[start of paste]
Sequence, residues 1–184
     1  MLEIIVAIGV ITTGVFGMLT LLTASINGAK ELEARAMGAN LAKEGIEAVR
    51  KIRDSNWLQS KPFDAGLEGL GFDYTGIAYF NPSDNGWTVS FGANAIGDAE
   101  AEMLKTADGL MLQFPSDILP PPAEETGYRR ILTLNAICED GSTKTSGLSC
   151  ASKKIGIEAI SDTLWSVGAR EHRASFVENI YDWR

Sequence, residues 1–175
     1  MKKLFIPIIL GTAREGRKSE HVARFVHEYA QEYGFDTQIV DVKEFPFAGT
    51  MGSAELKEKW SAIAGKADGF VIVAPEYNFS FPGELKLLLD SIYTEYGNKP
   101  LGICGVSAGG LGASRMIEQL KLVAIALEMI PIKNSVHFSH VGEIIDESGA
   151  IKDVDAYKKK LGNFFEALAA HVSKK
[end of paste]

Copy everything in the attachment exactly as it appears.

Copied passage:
Sequence, residues 1–184
     1  MLEIIVAIGV ITTGVFGMLT LLTASINGAK ELEARAMGAN LAKEGIEAVR
    51  KIRDSNWLQS KPFDAGLEGL GFDYTGIAYF NPSDNGWTVS FGANAIGDAE
   101  AEMLKTADGL MLQFPSDILP PPAEETGYRR ILTLNAICED GSTKTSGLSC
   151  ASKKIGIEAI SDTLWSVGAR EHRASFVENI YDWR

Sequence, residues 1–175
     1  MKKLFIPIIL GTAREGRKSE HVARFVHEYA QEYGFDTQIV DVKEFPFAGT
    51  MGSAELKEKW SAIAGKADGF VIVAPEYNFS FPGELKLLLD SIYTEYGNKP
   101  LGICGVSAGG LGASRMIEQL KLVAIALEMI PIKNSVHFSH VGEIIDESGA
   151  IKDVDAYKKK LGNFFEALAA HVSKK